IKEA Lost in Translation

IKEA Lost in Translation

The world’s largest furniture retailer IKEA caused controversy this week: the pillowcase Gosa Raps translates into English ‘cuddle rape’ when using Google Translate.


The innocent error was a hit on reddit.com, where a confused customer posted his findings. However, Swedish speaking users of the site could easily solve the puzzle. Raps can also be translated into ‘rapeseed’, which is a type of flower.

The 87-year-old founder Ingvar Kamprad did not like the idea of having to remember easy-to-forget product codes and therefore gave each product a tongue-twisting Scandinavian name according to their category. For instance, coffee tables and media storage have Swedish place names, beds and wardrobes Norwegian ones and dining tables and chairs have Finnish place names. Women’s names are used for fabrics and curtains and men’s names represent chairs and desks.

According to the company, a whole team searches for inspiration by going through ‘dictionaries, websites, crossword dictionaries, atlases, announcements in the births column, and place-name lists’. All product names are Scandinavian words which have to be between 4 and 10 letters long. They are usually checked in order to avoid inappropriate or awkward translations in any of the languages spoken in the 40+ countries where IKEA does business.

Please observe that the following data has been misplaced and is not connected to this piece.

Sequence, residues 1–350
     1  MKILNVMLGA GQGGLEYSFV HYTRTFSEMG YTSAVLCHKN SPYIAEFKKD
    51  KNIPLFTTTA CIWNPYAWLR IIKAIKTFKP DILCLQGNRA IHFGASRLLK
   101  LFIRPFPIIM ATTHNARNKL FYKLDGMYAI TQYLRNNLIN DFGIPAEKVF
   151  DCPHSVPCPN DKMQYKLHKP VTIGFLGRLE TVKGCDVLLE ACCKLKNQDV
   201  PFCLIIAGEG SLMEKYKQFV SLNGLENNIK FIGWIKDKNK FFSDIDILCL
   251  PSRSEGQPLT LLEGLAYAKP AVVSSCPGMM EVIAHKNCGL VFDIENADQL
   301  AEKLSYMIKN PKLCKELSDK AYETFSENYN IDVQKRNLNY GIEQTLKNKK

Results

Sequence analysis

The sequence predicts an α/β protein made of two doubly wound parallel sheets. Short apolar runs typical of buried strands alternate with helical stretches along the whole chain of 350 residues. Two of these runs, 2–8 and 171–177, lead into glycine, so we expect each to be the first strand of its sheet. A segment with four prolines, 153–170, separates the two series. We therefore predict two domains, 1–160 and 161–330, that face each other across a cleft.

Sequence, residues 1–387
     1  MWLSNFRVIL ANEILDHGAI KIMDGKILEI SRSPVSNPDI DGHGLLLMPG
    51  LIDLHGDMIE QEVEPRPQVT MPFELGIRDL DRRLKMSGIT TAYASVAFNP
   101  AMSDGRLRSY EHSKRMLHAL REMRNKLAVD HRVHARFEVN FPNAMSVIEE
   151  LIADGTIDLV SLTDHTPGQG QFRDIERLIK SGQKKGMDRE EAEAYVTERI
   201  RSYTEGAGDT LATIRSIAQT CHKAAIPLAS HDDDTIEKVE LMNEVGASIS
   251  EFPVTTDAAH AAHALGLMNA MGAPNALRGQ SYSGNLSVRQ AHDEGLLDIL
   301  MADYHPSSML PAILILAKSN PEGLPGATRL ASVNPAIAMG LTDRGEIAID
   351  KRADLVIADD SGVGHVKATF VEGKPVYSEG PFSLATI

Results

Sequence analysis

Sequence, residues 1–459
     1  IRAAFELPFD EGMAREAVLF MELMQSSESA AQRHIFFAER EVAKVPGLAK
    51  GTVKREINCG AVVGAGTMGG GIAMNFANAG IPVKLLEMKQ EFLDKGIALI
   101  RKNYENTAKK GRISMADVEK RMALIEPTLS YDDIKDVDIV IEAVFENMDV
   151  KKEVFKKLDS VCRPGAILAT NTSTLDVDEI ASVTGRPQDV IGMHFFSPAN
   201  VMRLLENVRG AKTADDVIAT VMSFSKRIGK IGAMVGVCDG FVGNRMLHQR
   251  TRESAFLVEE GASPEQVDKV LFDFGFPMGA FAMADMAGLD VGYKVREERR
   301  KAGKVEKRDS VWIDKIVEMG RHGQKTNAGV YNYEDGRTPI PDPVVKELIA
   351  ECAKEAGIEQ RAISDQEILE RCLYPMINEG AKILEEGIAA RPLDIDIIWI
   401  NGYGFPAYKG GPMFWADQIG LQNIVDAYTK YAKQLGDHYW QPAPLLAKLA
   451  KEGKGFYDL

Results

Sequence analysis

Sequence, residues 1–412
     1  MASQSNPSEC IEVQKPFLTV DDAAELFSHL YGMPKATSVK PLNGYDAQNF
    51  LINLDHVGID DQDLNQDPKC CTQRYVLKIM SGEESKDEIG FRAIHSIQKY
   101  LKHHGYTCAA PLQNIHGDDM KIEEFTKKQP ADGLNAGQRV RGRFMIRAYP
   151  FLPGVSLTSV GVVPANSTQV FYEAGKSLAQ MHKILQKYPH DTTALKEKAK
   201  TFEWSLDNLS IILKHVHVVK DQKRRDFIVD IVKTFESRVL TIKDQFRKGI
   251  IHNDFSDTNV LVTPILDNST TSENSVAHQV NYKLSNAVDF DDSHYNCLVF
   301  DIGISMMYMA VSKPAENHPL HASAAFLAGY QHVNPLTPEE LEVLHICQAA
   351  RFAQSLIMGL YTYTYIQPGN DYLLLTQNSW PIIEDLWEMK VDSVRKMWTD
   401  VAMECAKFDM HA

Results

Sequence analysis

Nevertheless, the Belfast Telegraph states that some words have slipped through the net and IKEA has had trouble over the meanings of their product names before. The children’s workbench fartfull was amusing for English speakers, whilst the Germans laughed at Gutvik, because it sounds like ‘good f**ck’ when translated into German. The pillow case Skarblad, which is named after a flower, translates into ‘cut blade’ and the traditional Swedish dish Spatula Gubbrora becomes the less appetizing ‘old man touch’.

As stated by the Wall Street Journal, the word Redalen sounds uncomfortably close to getting to third base in Thailand. IKEA had to employ a team of Thai speakers ‘who modified terms so they can’t be so easily misinterpreted’ in Thailand’s cursive, Sanskrit-influenced alphabet.

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More and more companies face the problem of losing their product names in translation as the whole world becomes a potential market. For example, back in the 1930’s, Coca-Cola had some trouble finding suitable Chinese characters because the original translation meant ‘female horse fastened with wax’.

Your company can avoid making mistakes like this. Contact TOPPAN Digital Language today and our expert team will help you find a suitable solution for your product names.

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